Recently, the Interactive Fiction Technology Foundation learned of a project by Authors Alliance and the Organization for Transformative Works to functionally expand fair use rights for e-book authors in the United States. We think everyone who knows about IFTF should know about it and consider helping out by completing a survey.

OK, you want us to know about a legal thing. Fair use rights, what?

There is a law in the United States called the Digital Millennium Copyright Act (DMCA), which makes it illegal for most people to rip DVDs, Blu-ray, and digitally transmitted video. However, under United States law, people are allowed to repurpose copyrighted works when it is a “fair use.” If this is the first you’ve heard of the term “fair use,” watch this explainer, then come back here.

The Library of Congress periodically issues exemptions from the DMCA. This means that they consider possible fair use cases, like making an artwork or creating a film school textbook, and then say “yeah, that sound like it’s good enough—we won’t go after folks who break the DMCA in order to do that.”

Right now, there is an exemption for people who make fanvids (if this is the first you’ve heard of fanvids, oh boy, are you in for a treat): they are allowed to rip movies in order to make their work. Similarly, people who make film school textbooks are allowed to do so. But most people in the United States, under the DMCA, are not allowed to rip movies.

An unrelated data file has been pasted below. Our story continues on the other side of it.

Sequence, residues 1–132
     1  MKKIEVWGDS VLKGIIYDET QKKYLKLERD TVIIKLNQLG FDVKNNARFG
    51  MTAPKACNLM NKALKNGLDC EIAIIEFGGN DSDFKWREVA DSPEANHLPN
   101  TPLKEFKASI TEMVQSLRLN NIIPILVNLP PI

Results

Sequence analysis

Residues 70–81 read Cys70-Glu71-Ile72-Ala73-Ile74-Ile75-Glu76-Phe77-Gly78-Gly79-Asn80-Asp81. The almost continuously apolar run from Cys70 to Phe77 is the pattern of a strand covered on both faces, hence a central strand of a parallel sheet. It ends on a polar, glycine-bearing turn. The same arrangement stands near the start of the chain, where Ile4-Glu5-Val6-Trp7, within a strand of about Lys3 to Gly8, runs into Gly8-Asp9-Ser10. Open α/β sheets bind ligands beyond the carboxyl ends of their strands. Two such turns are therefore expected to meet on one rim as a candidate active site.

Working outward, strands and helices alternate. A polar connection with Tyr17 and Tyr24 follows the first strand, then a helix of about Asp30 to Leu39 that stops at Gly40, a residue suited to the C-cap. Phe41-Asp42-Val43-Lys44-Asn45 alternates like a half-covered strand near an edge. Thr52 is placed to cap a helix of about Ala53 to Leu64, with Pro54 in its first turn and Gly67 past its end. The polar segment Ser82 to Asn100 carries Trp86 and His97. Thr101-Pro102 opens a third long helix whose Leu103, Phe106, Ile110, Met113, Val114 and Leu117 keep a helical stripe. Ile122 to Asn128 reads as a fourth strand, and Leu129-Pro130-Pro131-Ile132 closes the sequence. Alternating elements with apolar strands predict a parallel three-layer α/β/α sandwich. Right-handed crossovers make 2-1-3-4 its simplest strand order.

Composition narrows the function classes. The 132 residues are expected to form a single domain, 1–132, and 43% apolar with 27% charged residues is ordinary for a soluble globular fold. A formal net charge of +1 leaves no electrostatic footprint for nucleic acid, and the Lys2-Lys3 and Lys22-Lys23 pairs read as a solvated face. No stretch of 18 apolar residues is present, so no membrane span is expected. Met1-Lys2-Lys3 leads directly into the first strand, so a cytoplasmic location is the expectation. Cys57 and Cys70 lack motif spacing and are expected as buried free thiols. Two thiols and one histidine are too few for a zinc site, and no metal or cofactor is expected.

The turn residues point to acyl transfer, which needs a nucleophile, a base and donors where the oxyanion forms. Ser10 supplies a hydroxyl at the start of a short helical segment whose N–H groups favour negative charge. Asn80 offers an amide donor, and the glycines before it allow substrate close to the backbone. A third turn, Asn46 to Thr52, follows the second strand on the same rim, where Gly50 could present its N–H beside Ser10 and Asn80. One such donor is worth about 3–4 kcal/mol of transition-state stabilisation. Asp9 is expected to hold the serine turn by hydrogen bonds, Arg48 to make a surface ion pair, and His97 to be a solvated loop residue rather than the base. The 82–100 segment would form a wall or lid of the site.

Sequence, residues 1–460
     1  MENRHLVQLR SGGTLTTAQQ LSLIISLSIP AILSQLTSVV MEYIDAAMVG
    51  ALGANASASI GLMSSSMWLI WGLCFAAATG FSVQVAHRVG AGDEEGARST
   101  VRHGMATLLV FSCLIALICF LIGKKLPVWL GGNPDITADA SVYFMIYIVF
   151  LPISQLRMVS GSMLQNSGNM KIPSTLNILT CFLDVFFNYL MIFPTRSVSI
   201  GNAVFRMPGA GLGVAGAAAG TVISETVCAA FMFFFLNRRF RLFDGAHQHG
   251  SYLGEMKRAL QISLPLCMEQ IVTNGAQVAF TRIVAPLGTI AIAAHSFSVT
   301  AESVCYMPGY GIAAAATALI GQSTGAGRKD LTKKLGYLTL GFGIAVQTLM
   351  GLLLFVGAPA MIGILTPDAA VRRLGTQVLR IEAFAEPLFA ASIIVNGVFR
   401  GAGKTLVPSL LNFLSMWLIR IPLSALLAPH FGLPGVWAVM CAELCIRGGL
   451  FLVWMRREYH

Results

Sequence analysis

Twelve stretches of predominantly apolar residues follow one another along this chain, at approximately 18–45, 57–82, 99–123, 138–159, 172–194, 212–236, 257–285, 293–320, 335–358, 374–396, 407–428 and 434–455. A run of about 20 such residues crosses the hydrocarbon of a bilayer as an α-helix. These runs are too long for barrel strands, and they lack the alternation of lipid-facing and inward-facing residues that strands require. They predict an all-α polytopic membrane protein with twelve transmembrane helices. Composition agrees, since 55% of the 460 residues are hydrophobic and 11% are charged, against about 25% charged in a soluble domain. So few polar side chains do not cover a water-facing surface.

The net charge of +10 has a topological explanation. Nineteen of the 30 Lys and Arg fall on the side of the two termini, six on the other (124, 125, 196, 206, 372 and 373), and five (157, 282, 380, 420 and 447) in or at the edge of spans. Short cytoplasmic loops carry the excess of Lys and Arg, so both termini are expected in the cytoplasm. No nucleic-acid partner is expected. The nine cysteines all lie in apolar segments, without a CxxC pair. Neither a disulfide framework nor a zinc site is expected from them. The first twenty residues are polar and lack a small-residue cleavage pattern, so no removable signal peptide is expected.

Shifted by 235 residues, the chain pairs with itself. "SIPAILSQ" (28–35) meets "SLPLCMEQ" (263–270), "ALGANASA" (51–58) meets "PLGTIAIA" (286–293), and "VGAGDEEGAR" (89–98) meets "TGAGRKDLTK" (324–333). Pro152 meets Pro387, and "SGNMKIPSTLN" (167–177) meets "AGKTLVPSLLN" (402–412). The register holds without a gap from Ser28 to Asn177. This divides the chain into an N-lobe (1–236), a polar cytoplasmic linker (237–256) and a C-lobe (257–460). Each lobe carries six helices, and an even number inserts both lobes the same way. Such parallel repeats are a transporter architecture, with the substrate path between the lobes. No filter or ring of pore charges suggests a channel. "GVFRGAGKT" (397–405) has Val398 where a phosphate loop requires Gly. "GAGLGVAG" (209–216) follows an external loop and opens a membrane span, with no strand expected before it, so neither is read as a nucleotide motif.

What does this have to do with interactive fiction?

IFTF defines “interactive fiction” pretty broadly. We include parser games, yes, but also Twine games, visual novels, pretty much anything you can think of. And a lot of things that we consider “interactive fiction” are legally considered “e-books.”

Authors Alliance and the Organization for Transformative Works are trying to expand fair use rights for e-book authors (which, as we just said, includes most people who write interactive fiction). Right now, the DMCA only allows people who write e-books about film analysis to rip DVDs. But we know that people can create interactive fiction that’s fanfic, and we believe that fanfic (like fanvids) is covered under fair use. Someone ought to be able to create a Twine game or a visual novel critiquing a film and use images from that film.

So, what should I do?

If you create e-books (which, remember, are broadly defined, and include a lot of types of interactive fiction!) then you should take the survey—especially if you ever include images in your work! This will help them learn about fair use in the case of interactive fiction.


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